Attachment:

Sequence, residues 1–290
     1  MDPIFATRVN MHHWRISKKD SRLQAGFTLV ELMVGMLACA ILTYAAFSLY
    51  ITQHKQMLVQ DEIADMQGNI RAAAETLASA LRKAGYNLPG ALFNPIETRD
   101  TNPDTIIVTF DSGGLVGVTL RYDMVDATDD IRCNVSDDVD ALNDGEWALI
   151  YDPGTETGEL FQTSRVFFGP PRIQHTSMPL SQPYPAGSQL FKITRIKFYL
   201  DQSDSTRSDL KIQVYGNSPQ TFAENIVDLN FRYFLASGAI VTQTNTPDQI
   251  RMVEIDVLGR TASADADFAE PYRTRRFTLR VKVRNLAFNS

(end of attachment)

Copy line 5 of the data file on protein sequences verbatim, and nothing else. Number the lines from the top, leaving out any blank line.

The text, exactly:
   151  YDPGTETGEL FQTSRVFFGP PRIQHTSMPL SQPYPAGSQL FKITRIKFYL